I wonder if there is an equivalent term to ‘green fingered’ that relates to all creatures great and small; in particular to the very small. If there is, our family most definitely could not be considered fauna ‘green fingered’! There was the revolving door of terrapins that died or entered a protective state of self induced hypothermia quicker than we could replace them. Then there was an incident with a guest gecko a few years back (post attached below). Amusing for us at the time; not so much for the poor, now tail-less gecko victim. Given our track record with creatures no bigger than a frog one would think our family should come with a health warning!
By now I would have thought that our house would have been firmly blacklisted by the gecko community; branded the complete opposite of a ‘safe haven’ from the threat of desert vultures. So, when we recently discovered a teeny, weeny baby gecko darting to and from the storage cupboard, I cried inwardly. How could his mummy abandon him???? He was surely not old or big enough to fend for himself……Abandoned or lost, news of the fate that might await this poor mite had not reached his invisible ears.
My first instinct was to evict the poor stray but it was impossible to catch the nimble fellow. Conscious of DH’s previous near fatal capture of a more mature gecko, I was not as ‘gung-ho’ in my pursuit as I probably could have been. After several attempts of being outwitted by a transclucent, beady, black eyed lizard, I gave up and decided to let him try to find his own way back to nature.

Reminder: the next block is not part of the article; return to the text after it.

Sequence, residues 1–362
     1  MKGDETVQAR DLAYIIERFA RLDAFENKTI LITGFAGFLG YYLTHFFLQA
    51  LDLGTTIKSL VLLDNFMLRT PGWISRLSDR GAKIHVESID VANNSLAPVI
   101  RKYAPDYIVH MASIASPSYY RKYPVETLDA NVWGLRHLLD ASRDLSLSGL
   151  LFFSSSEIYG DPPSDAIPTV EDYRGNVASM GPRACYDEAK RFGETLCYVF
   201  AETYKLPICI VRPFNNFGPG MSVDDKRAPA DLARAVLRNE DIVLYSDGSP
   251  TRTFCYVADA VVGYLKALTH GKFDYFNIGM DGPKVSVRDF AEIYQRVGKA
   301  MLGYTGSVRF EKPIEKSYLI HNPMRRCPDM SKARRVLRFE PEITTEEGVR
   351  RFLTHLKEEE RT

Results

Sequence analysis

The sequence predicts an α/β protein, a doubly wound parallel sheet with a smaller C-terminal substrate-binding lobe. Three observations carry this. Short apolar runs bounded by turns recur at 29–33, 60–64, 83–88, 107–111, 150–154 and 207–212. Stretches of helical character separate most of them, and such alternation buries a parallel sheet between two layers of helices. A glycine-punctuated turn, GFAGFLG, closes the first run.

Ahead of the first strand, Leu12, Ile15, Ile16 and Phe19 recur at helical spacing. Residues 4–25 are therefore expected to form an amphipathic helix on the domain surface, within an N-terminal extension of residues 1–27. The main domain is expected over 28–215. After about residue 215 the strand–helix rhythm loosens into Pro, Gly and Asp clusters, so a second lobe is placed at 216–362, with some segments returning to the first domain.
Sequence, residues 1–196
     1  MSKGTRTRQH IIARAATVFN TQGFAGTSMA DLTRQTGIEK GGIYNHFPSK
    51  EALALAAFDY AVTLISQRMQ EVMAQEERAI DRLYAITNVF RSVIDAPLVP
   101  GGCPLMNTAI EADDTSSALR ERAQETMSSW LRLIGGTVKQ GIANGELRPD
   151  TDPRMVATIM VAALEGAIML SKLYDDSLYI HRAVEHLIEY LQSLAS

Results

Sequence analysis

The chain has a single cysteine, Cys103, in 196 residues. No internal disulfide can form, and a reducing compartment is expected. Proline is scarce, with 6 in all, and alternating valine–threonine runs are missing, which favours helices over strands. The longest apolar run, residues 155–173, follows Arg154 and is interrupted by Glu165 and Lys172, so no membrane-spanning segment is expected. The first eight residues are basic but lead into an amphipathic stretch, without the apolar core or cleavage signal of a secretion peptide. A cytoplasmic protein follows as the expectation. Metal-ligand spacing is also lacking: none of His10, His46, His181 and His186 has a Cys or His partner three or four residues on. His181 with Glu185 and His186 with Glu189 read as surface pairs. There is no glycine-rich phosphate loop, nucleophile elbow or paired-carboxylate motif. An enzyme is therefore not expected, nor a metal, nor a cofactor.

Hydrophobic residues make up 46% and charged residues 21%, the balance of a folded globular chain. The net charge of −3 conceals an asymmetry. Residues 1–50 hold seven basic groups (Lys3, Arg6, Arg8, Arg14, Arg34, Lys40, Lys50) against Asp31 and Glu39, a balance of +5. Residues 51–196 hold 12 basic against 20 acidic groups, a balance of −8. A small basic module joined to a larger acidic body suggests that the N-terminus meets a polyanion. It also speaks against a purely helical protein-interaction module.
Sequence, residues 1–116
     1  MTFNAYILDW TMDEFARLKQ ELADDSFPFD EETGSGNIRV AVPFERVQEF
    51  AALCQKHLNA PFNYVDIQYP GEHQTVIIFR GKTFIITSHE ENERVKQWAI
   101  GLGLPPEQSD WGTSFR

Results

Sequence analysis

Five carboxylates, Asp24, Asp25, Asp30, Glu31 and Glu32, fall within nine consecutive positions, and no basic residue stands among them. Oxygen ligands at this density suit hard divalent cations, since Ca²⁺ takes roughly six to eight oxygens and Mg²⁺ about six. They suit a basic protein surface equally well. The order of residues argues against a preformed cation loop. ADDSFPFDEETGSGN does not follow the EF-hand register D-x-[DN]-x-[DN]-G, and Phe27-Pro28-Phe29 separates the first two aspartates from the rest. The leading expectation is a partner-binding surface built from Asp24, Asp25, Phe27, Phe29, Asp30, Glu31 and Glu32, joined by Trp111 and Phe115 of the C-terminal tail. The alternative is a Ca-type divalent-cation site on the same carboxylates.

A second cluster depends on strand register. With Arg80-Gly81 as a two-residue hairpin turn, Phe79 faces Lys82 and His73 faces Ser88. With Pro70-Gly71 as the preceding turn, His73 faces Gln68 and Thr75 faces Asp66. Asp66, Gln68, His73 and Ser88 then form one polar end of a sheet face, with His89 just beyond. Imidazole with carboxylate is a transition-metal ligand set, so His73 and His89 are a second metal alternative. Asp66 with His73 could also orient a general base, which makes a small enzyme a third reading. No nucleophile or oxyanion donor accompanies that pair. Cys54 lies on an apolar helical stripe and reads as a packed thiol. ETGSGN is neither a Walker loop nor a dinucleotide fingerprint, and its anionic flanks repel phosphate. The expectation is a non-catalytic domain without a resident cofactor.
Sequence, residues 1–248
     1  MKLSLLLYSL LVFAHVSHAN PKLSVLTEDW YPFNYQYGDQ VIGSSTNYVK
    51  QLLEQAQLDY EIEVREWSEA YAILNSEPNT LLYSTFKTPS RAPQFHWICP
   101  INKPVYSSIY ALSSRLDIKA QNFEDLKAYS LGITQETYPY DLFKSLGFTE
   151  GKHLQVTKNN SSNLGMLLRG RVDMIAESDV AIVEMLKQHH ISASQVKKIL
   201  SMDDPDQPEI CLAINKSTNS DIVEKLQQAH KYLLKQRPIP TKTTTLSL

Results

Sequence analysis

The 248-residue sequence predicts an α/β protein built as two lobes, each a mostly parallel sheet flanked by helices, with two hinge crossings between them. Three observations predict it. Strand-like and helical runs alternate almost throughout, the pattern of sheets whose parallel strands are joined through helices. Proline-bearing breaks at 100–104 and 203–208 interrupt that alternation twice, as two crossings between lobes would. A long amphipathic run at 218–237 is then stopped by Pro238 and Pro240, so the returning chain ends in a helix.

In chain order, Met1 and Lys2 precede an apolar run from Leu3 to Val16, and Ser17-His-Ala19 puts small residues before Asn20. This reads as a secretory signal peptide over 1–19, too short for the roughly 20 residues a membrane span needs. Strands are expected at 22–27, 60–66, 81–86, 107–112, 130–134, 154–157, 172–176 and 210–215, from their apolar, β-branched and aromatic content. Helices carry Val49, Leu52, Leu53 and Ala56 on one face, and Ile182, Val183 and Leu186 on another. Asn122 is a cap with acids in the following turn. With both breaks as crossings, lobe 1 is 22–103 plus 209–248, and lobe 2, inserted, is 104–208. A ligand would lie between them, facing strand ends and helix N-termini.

A gecko ‘no-show’ for a few days signalled a return to his natural habitat or so I thought….
As DS1 was packing his bag, he shrieked with delight to re-find our little friend. Well, we assumed he was the same gecko due to his size.
‘He doesn’t look well’, I commented.
‘Why do you say that?’ asked DH (AKA the expert gecko tail slicer!).
‘Well, he looks darker, is moving more slowly and hasn’t grown. He will never survive on his own outside now’ I replied sadly.
‘Why don’t you feed him up then???’ came the not so helpful response.
Cue DS1’s dash to Google what geckos like to eat: insects of all sorts – ants, cockroaches, crickets….
‘Mummy, we need to find him a cricket to eat!!!’ exclaimed caring, kindhearted DS1.
This minsicule gecko eating a cricket would be the equivalent of me eating Godzilla……
‘Honey, I don’t think he could manage a whole cricket’ I replied willing the mite to scamper through the gap under the front door.
With that, DS1 ran to the kitchen to return with a grape and a squirty bottle of water. Without even thinking about how the ailing creature might get his underdeveloped jaws around the grape, he squirted so much water at the poor chap that now had his own private pool!
The following morning our gecko friend had vanished. I like to think he made a midnight break for freedom, gobbled some ants on his way and managed to find some friends – and that’s what I shall be telling the kids!